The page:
The imagery I worked up for today's press work were mostly grouse. I intended to try some loons as well, but got carried away with exploring the feather effects on the grouse. It was very entertaining, plus I discovered some more ways to make marks in the oil paint that I've been substituting for printing ink. Also, on the way to the studio, I stopped by our local glass shop and purchased an 11 by 14 inch piece of plexi-glass to use as my printing plate instead of the 8 by 10 inch paper-thin acetate that I'd used before.
Here is one of the grouse monoprints from this printing session:
This is printed on the same kind of Japanese paper that I used in the earlier printing sessions. Using a rubber brayer,I rolled out the paint in an irregular rectangle shape. Then I wiped away the "air" (negative space) around the bird, leaving bits of the rectangle's edge to serve as a kind of border or "frame" for the bird. Rolling a coat of inck onto the plate and then removing areas from it to create the image is a reductive process/print. Had I started with an empty plate and then brushed the grouse on that would have been an additive process/print. I used a cotton rag to remove the white areas; if I removed too much, I simply painted it back in using a bristle brush. The sharp white lins were created using the edge of a small scrap of matboard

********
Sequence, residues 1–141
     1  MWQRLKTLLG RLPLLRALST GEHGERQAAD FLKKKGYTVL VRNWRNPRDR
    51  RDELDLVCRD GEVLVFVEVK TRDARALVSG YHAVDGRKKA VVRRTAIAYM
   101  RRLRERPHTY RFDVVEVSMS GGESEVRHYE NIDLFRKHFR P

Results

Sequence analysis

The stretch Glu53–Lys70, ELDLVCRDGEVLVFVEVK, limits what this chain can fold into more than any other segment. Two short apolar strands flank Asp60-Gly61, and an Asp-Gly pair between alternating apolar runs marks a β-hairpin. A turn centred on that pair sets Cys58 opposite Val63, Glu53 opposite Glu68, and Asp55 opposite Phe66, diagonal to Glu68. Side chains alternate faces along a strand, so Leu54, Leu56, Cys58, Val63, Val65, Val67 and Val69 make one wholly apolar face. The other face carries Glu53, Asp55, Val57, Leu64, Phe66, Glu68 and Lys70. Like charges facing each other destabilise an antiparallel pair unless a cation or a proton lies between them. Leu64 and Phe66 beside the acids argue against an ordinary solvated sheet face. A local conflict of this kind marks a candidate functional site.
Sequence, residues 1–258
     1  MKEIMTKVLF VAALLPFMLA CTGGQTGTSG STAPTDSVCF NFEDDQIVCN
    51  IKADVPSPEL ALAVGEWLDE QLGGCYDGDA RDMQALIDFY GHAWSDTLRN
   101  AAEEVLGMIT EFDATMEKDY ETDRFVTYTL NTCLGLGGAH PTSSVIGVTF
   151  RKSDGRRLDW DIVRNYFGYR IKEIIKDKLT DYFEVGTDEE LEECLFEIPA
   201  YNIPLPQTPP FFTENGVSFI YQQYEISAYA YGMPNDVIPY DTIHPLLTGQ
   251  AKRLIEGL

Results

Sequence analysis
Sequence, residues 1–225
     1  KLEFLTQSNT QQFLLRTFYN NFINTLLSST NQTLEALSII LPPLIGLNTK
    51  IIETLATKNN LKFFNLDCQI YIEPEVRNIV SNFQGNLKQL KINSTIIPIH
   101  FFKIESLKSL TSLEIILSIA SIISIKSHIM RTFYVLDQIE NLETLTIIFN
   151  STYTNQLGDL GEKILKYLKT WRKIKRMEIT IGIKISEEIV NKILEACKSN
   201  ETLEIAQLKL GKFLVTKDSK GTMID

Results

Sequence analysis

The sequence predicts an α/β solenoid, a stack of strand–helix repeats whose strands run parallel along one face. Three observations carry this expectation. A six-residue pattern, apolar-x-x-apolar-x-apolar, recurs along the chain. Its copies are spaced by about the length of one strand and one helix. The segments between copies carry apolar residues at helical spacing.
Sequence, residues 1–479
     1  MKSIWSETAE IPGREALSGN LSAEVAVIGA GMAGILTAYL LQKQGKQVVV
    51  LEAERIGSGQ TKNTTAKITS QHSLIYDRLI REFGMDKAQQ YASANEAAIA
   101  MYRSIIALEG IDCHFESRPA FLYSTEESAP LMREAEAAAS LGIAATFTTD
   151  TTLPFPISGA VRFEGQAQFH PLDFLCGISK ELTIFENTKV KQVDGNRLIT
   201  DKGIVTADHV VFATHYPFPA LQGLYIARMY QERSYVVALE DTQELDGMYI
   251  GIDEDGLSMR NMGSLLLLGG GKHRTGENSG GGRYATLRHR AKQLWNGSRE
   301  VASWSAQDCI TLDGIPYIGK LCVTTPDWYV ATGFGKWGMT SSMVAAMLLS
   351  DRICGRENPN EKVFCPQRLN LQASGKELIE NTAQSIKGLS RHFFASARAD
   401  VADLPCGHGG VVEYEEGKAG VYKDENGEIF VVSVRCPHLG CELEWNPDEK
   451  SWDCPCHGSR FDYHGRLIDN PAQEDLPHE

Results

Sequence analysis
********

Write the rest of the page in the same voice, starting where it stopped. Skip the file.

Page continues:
The final image measures about 8 by 6 inches.
Well, as I'm writing this, it's very close to turning into tomorrow. And Coast to Coast is on with some lively discussion about the State of the Union address. I think I'll make some hot tea and sit a little closer to the radio for a bit.